• Status: View the attributes of each Light Warrior in greater detail including experience needed for the next level, stats, current equipment, HP, MP, and current level.
  • Formation: Change the order of the party. In the Famicom version of the game, this is performed by pressing the Select button button.
  • Memo: (Origins only) Quick save your game to the system's temporary memory at any point. When the power is shut off this file is erased.
  • Config: Change video, audio, and gameplay options. Also view the bestiary (DoS/20AE) or Collections (Origins).
  • Save: Save the game in one of three or four save game slots (depending on the version).

Saving[edit]

GBA save screen
PlayStation memo
  • Saving: The game can be saved at any moment that you are standing on the World Map. While standing in the World Map, simply open up the subscreen and select "Save".
  • Memo Saving (Final Fantasy Origins only): This is more of a precautionary method of temporarily saving your game inside a dungeon in case you die. While purists of the original game may dislike Memo Saving, it's definitely helpful for beginners and the like. To use the Memo Save feature, go into the main menu and select the Memo option. After that, select yes when it prompts you to save your game. Note that this type of save is only temporary - if you shut off the console without doing a normal save, you will lose your data.

Config[edit]

PlayStation configuration
GBA configuration
  • Auto Target (Origins only): If on and a character is directed to attack a dead enemy, they will select a random target to attack instead. If off they will simply attack empty space.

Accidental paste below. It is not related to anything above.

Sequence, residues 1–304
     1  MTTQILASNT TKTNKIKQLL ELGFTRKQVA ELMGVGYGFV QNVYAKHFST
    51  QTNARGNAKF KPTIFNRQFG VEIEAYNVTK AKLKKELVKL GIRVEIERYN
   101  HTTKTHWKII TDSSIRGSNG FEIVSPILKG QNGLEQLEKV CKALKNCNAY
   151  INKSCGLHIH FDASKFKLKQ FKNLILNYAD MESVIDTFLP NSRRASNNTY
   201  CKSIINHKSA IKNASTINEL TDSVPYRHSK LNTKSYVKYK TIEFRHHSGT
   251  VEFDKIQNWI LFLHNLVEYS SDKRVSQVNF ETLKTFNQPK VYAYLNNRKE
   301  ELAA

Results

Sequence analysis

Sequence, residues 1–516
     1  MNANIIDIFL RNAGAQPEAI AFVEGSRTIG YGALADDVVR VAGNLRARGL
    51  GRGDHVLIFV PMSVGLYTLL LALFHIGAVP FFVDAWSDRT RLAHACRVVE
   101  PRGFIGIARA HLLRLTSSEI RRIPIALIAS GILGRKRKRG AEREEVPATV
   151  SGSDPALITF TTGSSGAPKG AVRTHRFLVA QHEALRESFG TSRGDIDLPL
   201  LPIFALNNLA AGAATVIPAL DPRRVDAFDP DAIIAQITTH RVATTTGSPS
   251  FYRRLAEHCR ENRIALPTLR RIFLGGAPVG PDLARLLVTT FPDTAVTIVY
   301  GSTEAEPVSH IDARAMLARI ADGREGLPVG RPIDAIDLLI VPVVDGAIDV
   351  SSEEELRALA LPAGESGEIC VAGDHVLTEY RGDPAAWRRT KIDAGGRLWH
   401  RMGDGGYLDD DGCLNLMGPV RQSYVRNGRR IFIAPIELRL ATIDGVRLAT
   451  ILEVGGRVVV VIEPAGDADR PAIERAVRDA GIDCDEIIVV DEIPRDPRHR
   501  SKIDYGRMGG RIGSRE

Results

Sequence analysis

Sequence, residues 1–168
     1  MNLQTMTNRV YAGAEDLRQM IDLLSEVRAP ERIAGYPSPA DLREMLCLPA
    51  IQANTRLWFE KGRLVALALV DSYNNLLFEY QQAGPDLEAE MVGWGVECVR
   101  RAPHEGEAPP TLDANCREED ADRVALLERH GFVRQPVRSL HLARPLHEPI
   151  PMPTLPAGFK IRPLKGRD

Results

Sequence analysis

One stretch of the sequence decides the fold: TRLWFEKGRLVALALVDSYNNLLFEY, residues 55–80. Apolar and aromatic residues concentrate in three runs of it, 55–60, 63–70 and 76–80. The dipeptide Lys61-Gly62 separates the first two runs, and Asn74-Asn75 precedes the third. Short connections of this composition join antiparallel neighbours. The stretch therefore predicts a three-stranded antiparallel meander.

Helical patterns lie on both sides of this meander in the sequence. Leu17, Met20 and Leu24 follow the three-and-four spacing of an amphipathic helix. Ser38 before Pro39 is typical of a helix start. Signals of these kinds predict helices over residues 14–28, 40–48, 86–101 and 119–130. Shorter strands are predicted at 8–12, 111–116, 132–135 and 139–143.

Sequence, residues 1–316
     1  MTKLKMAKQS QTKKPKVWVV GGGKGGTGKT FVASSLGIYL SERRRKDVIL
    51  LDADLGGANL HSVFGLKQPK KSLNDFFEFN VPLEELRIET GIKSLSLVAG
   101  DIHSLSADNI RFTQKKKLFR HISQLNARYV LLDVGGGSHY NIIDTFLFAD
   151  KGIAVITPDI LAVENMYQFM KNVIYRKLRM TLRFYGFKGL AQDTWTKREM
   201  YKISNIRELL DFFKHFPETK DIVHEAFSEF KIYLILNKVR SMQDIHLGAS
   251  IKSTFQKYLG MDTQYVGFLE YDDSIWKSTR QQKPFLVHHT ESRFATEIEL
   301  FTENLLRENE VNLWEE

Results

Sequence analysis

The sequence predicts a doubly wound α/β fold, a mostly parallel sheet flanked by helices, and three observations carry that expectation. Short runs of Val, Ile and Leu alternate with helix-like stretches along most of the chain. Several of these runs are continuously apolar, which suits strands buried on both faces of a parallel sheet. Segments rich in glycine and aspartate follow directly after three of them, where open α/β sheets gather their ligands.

• Map (Origins only): When viewing the map of the world from the game, this will change whether it appears as a flat map, or as a globe.
  • B Button Dash (Circle button Dash in Origins): If on, the character will always run, otherwise you have to hold B (or Circle button) to run.
  • Cursor: If "Memory" is selected, the next time a menu appears, the cursor will start at the last option chosen, otherwise the cursor always returns to the top of the menu.
  • Sound Output (Origins only): Switch between mono and stereo sound.
  • Controller (Origins only): Customize the controller layout.
  • Text/Message Speed: Adjust the speed that dialog appears when talking and how fast the text changes during battle.
  • Vibration (Origins only): Turn off/on the PS1 rumble feature.
  • Window Color: Mix red, green, and blue to make a custom background color for the subscreen. In Origins, this takes you to a separate screen for this purpose.
  • Collections (Origins only): View the collections.
  • Bestiary (DoS and 20AE only): View the bestiary.

Combat[edit]

See also: Battle commands
NES combat screen
PlayStation combat screen

In combat, you are presented with your party on the right side and your enemies on the left. Before each round of combat, your characters step forth one by one and awaits your orders. After the warriors receive their orders, they carry them out while the enemy counter attacks. Combat continues until all of your enemies, or all of your party has been defeated, or until one of your party members successfully flees from battle. If either side is completely incapacitated by status aliments, the other side gets free rounds of attacks until at least one member recovers. If all of your party members are defeated, the game is over.